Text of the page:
of the pictures:
The Square, No.9 by Zhu Wei
Stephen McGruinness with his Zhu Wei collection
The art of Fang Lijun
Painting by Zhang Xiaogang
Lishan's 7 Days of the Week (top) and Wang Guangyi's Great Criticism
Attack: Will Contemporary Chinese Art Survive?
the first flush of success - and excess - demand for contemporary
Chinese art has softened, leading cynics to quesry its artistic value.
Scarlet Cheng Reports
happened to the art attack of the early 1990s? For a while, it seemed
that Asia's nouveau riche had decided to collect all seriously along
with diamond-crusted Rolexes and Italian sports cars. Hong Kong, always
on the scent of the rich and famous, saw galleries mushrooming
overnight. Art openings and auctions became chic gathering spots for
yuppies and socialites.
after that first flush of excess, the hangover is taking its toll.
first major international art fair in the region was Art Asia, held in
Hong Kong in November 1992. Seventy-two galleries from around the world
participated: the exhibition attracted 40,000 visitors and made an
estimated US$40 million in sales. Between 1992 and 1994, record prices
were set for works by hitherto unknown mainland artists. The most
spectacular overnight success story was that of Liu Yuyi, whose oil
painting Song of the Goddess Nuwa fetched a record HK$8,888,888 (US$1.15
million) at Art Asia '94.
is staggering -- or outrageous, depending on your point of view - is
that mainland artists who have burst on to the international art scene
only in this decade are commanding price tags the equivalent of David
Hockney or Jim Dine, artists who have had international careers spanning
several decades. Indeed, this explosion of interest in contemporary
Chinese art has led many art experts to caution buyers against being
taken in by the sizzle rather than the steak,
a great deal of interest in contemporary Chinese art, but it tends to be
trend-driven," admits Stephen McGuinness, director of the Plum
Blossoms Gallery of Hong Kong and Singapore. "People tend to go hot
and cold very quickly."
give a good reading of the volatility of the market -- Christie's Hong
Kong autumn 1995 auctions were dismal, with total sales for contemporary
Chinese art fetching only HK$4.38 million - a third of the amount
achieved during its spring auction in 1992, the beginning of this
Chinese art boom. However, this year's spring sales have seen the market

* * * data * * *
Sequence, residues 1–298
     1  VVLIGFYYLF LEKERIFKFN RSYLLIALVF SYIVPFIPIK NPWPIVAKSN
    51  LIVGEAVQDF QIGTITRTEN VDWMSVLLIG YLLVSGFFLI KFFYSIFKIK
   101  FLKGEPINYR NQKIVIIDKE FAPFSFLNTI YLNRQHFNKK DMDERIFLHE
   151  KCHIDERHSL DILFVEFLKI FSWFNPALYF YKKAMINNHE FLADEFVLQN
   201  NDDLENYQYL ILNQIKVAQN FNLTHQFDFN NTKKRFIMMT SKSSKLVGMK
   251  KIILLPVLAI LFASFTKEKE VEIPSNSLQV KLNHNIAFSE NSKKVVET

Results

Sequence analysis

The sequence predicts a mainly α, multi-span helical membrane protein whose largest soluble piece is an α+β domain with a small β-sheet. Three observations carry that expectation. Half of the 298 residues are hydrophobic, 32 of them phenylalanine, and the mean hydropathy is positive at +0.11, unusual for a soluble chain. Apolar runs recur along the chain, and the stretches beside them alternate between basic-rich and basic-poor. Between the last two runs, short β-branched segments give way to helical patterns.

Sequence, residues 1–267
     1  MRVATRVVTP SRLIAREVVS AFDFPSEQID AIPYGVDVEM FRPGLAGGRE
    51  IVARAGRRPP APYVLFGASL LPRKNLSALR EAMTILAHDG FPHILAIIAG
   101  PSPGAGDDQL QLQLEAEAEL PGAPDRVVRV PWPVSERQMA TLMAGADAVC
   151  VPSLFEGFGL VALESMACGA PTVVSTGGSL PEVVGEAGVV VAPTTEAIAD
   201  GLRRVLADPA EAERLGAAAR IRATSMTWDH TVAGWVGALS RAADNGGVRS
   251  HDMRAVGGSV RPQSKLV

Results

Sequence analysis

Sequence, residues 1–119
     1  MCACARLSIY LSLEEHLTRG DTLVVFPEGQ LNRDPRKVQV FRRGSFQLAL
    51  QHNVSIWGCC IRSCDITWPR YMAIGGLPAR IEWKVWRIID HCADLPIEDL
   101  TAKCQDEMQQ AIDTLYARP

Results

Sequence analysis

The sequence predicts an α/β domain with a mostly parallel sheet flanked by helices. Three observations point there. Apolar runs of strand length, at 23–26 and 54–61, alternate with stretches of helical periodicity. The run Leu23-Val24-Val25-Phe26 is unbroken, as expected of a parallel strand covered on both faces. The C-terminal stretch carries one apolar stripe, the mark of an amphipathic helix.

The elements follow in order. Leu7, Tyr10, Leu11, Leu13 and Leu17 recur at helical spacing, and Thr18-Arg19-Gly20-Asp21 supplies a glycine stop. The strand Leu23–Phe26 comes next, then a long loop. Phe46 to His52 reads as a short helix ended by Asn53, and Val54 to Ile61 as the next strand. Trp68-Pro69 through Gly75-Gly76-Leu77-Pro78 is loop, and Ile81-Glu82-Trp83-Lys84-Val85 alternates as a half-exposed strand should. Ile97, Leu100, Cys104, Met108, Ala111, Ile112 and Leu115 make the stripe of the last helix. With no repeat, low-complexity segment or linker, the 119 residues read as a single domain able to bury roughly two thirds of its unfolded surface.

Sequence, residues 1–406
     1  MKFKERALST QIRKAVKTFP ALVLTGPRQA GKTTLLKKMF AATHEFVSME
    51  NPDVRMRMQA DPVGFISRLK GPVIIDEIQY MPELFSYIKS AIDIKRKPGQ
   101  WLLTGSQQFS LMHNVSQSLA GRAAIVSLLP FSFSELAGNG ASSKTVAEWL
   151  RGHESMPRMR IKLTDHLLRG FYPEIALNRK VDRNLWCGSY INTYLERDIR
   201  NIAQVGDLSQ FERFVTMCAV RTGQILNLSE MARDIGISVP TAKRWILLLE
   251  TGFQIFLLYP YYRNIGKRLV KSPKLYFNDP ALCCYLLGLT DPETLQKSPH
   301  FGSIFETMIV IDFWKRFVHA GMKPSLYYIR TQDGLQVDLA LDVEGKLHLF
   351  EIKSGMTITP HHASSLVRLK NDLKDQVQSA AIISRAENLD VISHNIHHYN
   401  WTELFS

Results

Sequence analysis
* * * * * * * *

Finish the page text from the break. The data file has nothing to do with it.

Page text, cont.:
bounce back, with a total of HK$7.63 million generated from contemporary
observers regard the cooling down of art fever as a positive
development. "We were on a binge, with prices that were highly
inflated for less than outstanding art," says a gallery owner. This
slowdown, he says, will sort out the wheat from the chaff.
abound of struggling mainland artists with an eye to the main chance who
have tried to cash in on the frenzy. American artist Janis Provisor
tells of one mainland artist who wanted to sell his works on paper (as
opposed to canvas) for US$6,000 because he had heard that was what
people abroad were getting. Although the artist produced good work, he
had never established a reputation or a market outside China -- and
certainly had never got anything close to US$6,000 for any of his
other Asian artists and critics find the mainland art attack a
distortion. Hong Kong artist Yank Wong says: "Mainland Chinese
artists have become so commercial. They've just doing what sells - or
maybe what their dealers tell them sells."
the word "contemporary" is broadly used to describe art that
is being produced today, some use it more specifically to designate art
that employs not only contemporary styles but expresses contemporary
sentiments. This more stringent definition would exclude those
academy-trained Chinese artists who paint in a Realist manner, such
artists as Chen Yifei and his romanticized paintings of Old Shanghai and
Old Suzhou, Wang Yidong and Jiang Guofang and their nostalgic
portraitures, While technically well-executed, some critics would say
these paintings have no soul and do not express the new China -- and
thus are not truly contemporary at all.
Chinese art is not a recent invention -- an earlier generation of